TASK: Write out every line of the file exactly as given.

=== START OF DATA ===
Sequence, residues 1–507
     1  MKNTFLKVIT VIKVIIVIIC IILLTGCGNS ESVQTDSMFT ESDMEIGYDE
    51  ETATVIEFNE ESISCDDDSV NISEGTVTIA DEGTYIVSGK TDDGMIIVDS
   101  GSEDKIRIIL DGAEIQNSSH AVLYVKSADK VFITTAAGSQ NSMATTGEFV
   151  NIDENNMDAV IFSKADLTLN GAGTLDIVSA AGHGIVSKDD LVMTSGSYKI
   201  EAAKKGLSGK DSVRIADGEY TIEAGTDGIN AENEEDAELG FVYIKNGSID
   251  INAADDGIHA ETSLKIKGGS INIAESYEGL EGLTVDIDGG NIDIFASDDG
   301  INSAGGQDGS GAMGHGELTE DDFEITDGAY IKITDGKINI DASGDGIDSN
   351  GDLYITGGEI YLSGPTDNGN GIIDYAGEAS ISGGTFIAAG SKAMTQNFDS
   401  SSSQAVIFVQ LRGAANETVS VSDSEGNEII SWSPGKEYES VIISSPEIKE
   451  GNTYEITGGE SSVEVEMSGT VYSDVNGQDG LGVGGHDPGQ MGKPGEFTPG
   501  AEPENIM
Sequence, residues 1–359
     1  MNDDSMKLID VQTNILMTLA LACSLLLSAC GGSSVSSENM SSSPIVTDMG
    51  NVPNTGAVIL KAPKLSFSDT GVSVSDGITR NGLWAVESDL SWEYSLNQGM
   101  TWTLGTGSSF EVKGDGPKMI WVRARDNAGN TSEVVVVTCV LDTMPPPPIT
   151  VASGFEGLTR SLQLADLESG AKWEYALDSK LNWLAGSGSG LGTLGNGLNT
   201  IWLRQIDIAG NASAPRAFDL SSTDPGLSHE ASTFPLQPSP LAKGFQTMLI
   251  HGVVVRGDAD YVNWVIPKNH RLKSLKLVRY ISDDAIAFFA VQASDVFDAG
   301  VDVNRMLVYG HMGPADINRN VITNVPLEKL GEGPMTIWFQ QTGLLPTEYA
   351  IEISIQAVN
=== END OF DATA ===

Sequence, residues 1–507
     1  MKNTFLKVIT VIKVIIVIIC IILLTGCGNS ESVQTDSMFT ESDMEIGYDE
    51  ETATVIEFNE ESISCDDDSV NISEGTVTIA DEGTYIVSGK TDDGMIIVDS
   101  GSEDKIRIIL DGAEIQNSSH AVLYVKSADK VFITTAAGSQ NSMATTGEFV
   151  NIDENNMDAV IFSKADLTLN GAGTLDIVSA AGHGIVSKDD LVMTSGSYKI
   201  EAAKKGLSGK DSVRIADGEY TIEAGTDGIN AENEEDAELG FVYIKNGSID
   251  INAADDGIHA ETSLKIKGGS INIAESYEGL EGLTVDIDGG NIDIFASDDG
   301  INSAGGQDGS GAMGHGELTE DDFEITDGAY IKITDGKINI DASGDGIDSN
   351  GDLYITGGEI YLSGPTDNGN GIIDYAGEAS ISGGTFIAAG SKAMTQNFDS
   401  SSSQAVIFVQ LRGAANETVS VSDSEGNEII SWSPGKEYES VIISSPEIKE
   451  GNTYEITGGE SSVEVEMSGT VYSDVNGQDG LGVGGHDPGQ MGKPGEFTPG
   501  AEPENIM
Sequence, residues 1–359
     1  MNDDSMKLID VQTNILMTLA LACSLLLSAC GGSSVSSENM SSSPIVTDMG
    51  NVPNTGAVIL KAPKLSFSDT GVSVSDGITR NGLWAVESDL SWEYSLNQGM
   101  TWTLGTGSSF EVKGDGPKMI WVRARDNAGN TSEVVVVTCV LDTMPPPPIT
   151  VASGFEGLTR SLQLADLESG AKWEYALDSK LNWLAGSGSG LGTLGNGLNT
   201  IWLRQIDIAG NASAPRAFDL SSTDPGLSHE ASTFPLQPSP LAKGFQTMLI
   251  HGVVVRGDAD YVNWVIPKNH RLKSLKLVRY ISDDAIAFFA VQASDVFDAG
   301  VDVNRMLVYG HMGPADINRN VITNVPLEKL GEGPMTIWFQ QTGLLPTEYA
   351  IEISIQAVN